Matt, this is Steve. I think it's fair to say we're being a little cautious until we know the outcome of the regulatory suggested reforms as well. There's more opportunity. I think that we will avail ourselves once we know what the rules are and the positions that we need to have going forward.

Matt O'Connor
Analyst at Deutsche Bank Aktiengesellschaft

Yes. Fair enough. Thank you.

Zachary Wasserman
Senior Executive Vice President and Chief Financial Officer at Huntington Bancshares

Thank you.

Operator

Thank you. Our next question comes from the line of Steven Alexopoulos with JPMorgan. Please proceed with your question.

Steven Alexopoulos
Analyst at JPMorgan Chase & Co.

Hey. Good morning, everyone.

Zachary Wasserman
Senior Executive Vice President and Chief Financial Officer at Huntington Bancshares

Hi, Steven. Good morning.

Steven Alexopoulos
Analyst at JPMorgan Chase & Co.

I want to -- so at the commentary you gave about the NIM getting down to about 3% by the fourth quarter is helpful. I'd imagine once we move beyond that, because it sounds like most of the mix shift out of noninterest-bearing will be done, it's really going to be that incremental NIM that's going to decide where we go from there. What is the spot NIM today, right, incremental loans, incremental deposits? Just how does that compare to that 3% level?

Zachary Wasserman
Senior Executive Vice President and Chief Financial Officer at Huntington Bancshares

It's still higher than that. I think, again, I'd point you to for the quarter adjusted for cash levels that we're kind of running at now in the third quarter, the second quarter was around 3.17%. And so what we're seeing at the margin is continued modest decline in them here through the course of the balance of this year from that 3.17% normalized Q2 run rate down to the 3% by the end of the year. And I agree with your point, which is as you get into the early part of next year, a lot of the kind of major trends starting to stabilize, and it's really not incremental fundamental what the underlying is. Likely, there will be some potential continued trends in the very early part of '24, but I agree with your point. I would also note that for us during the quarter, the reduction in the negative carrier from hedges will incrementally help obviously do the course of the year again.

Steven Alexopoulos
Analyst at JPMorgan Chase & Co.

Right for some tailwinds there. Okay. And then for Steve. So the equity market seems to be coming around to this possibility of the soft landing. I'm curious, when you talk to your customers, what are you hearing? Are they coming around to the soft landing and maybe a little more optimistic what are you hearing.

Stephen D. Steinour
Chairman, President and Chief Executive Officer at Huntington Bancshares

Steve, I would say our customers generally are having a good year and expect to close out with the good year. They're working their margins through expenses, but inflation seems to be a big, and the supply chain is in better shape. Clearer line sites to this half, and they're optimistic about '24 and beyond generally. So this would suggest at worst-case soft landing and potentially the ability to avoid a recession. In the Midwest, particularly our footprint, we still have a lot of economic activity, announcements of investments, targeted growth. So we're in a good position relative to some of the other regions, and we have significant activity going on that I think we'll see particularly here in Ohio through the course of this year.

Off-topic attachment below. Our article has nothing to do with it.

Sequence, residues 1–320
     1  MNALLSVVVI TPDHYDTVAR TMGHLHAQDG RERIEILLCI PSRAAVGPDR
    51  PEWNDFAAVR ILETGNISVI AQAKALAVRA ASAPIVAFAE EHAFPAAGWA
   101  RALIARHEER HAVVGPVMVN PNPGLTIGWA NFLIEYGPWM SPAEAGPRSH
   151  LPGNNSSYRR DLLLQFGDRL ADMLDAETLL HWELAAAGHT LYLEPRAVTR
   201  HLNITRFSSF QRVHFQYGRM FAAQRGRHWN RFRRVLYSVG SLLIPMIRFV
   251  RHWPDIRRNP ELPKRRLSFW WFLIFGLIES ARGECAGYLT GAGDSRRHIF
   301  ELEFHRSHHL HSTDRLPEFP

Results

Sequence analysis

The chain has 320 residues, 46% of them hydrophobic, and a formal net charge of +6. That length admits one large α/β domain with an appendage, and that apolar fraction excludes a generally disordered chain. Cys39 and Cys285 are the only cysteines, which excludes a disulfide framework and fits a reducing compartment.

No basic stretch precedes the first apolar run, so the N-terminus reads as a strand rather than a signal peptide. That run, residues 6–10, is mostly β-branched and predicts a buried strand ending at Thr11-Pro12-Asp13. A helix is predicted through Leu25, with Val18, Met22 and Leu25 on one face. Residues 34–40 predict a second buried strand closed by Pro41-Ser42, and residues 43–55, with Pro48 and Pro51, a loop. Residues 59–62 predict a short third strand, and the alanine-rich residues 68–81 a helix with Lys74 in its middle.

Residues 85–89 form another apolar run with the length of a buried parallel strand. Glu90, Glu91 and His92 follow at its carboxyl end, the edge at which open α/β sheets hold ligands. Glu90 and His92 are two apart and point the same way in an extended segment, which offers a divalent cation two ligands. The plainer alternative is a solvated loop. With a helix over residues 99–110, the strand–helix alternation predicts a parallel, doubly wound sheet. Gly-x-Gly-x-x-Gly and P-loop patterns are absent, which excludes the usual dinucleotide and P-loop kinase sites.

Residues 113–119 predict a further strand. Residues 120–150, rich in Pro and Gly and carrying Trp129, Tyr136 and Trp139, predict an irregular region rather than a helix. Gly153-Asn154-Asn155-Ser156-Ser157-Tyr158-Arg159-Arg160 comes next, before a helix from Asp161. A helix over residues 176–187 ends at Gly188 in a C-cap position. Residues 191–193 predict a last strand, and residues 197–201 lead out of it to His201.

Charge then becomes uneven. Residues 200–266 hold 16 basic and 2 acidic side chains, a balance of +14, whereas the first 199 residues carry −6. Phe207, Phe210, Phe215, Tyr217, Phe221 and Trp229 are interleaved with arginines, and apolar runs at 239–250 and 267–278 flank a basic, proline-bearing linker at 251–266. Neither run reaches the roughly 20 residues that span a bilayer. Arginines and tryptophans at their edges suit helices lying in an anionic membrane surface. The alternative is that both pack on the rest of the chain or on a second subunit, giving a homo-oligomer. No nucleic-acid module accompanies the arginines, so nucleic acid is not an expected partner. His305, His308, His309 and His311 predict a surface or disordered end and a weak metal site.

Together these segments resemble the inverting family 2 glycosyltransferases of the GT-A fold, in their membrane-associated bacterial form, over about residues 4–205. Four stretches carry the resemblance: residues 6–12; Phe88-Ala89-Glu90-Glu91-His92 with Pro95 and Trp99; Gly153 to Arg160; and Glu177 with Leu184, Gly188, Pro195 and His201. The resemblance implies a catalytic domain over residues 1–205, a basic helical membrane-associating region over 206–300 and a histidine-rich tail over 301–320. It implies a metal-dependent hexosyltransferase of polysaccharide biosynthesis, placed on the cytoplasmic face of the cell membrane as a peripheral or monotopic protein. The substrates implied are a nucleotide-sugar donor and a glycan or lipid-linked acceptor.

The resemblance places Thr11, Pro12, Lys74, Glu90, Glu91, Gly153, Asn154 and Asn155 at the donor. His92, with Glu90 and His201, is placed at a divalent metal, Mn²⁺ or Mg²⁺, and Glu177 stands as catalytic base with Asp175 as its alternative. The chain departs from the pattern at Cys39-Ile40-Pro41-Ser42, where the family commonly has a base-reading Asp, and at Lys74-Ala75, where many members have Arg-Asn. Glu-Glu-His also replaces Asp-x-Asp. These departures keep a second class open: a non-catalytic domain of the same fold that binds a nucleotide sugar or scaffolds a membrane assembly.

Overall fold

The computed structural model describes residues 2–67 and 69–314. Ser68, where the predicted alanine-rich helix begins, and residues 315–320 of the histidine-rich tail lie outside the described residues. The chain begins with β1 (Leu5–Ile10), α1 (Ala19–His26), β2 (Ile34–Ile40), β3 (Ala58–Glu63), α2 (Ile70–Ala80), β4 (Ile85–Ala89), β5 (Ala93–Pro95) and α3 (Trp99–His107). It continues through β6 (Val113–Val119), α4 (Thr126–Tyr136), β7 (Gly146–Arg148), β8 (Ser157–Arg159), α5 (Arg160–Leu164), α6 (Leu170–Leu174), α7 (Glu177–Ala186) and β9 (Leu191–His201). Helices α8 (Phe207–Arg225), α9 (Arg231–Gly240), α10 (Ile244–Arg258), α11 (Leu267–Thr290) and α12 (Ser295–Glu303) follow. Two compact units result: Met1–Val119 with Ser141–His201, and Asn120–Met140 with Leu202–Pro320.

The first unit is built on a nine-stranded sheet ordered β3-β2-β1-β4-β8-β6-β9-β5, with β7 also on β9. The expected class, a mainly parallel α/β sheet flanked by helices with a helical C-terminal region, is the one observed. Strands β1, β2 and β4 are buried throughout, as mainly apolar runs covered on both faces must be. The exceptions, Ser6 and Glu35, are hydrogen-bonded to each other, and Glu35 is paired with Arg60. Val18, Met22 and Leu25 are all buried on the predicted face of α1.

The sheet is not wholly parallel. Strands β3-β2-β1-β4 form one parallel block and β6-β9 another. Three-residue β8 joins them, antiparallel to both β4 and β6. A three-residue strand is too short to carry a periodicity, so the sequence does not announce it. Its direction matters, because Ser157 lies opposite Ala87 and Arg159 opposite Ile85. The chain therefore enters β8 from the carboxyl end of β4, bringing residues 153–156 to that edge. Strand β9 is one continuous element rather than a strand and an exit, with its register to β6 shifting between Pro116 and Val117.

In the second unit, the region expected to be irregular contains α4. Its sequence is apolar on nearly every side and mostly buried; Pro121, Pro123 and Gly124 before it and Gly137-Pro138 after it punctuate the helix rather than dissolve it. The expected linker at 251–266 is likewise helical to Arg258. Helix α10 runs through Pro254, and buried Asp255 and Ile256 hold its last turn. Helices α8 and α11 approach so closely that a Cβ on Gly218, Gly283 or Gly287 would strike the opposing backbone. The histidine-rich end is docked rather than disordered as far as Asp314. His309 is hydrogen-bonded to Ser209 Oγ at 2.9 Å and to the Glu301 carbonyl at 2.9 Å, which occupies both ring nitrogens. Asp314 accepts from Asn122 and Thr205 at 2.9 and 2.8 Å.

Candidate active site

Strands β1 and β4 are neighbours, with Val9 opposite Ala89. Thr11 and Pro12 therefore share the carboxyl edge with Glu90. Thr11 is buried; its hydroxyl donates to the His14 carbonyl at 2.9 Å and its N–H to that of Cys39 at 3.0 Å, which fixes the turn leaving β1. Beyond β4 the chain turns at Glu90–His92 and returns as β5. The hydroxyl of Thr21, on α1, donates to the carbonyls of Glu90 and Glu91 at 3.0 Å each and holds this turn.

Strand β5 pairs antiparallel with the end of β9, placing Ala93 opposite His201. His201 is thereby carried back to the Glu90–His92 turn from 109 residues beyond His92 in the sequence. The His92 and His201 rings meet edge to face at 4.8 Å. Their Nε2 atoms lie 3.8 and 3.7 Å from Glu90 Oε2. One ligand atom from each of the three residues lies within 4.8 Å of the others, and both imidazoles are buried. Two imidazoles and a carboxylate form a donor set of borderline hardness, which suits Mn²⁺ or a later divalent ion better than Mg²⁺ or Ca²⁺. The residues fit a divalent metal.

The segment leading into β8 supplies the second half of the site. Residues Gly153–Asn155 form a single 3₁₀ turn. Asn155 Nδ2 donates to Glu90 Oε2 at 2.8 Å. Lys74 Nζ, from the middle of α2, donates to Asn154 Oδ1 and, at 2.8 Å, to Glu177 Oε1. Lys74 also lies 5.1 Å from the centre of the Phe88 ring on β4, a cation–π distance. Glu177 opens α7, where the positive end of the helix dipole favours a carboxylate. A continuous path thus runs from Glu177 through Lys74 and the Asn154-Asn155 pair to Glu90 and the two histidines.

Steven Alexopoulos
Analyst at JPMorgan Chase & Co.

Okay. Thanks for all the color.

Stephen D. Steinour
Chairman, President and Chief Executive Officer at Huntington Bancshares

[Technical Issue]

Operator

Thank you. Our next question comes from the line of Ebrahim Poonawala with Bank of America. Please proceed with your question.

Ebrahim Poonawala
Analyst at Bank of America Merrill Lynch

Hey. Good morning.

Zachary Wasserman
Senior Executive Vice President and Chief Financial Officer at Huntington Bancshares

Good morning, Ebrahim.

Ebrahim Poonawala
Analyst at Bank of America Merrill Lynch

Just wanted to go -- spend some time on the expense outlook. I think you've done a lot of work year-to-date, the project actual rate that you talk about. In fact, I think you said the goal is to keep expense growth low for next year. Maybe give us a sense of the size of the BPO opportunity that you talked about? And how do you think about positive operating leverage going into next year given NII growth will likely be down. What's around that?

Zachary Wasserman
Senior Executive Vice President and Chief Financial Officer at Huntington Bancshares

Yes. Great question, Ebrahim. Thanks. So maybe framing the overall post [Phonetic] is very much to keep operating expenses at a very low level, not only this year, but next year. We've been trying to be very proactive and setting up those programs and can implement them effectively and have to build over time. On the BPO opportunity, this is something that we have leveraged over time for a while and continually looking at from a strategic perspective, what functions that we really believe must be owned or the critical value for the real by Huntington versus those that we can benefit from the scale capabilities of partnering. The more we lean in to analyze that, the more we're encouraged there are incremental opportunities. Relatively modest in terms of size this year, but building over time. And I think really part of the portfolio of efficiency programs that will support that low level of '24 and frankly, to continue to build into '25 and beyond also. So it's encouraging to get part of the portfolio of programs with something that we're incrementally leading in now to be able to accelerate the benefits of.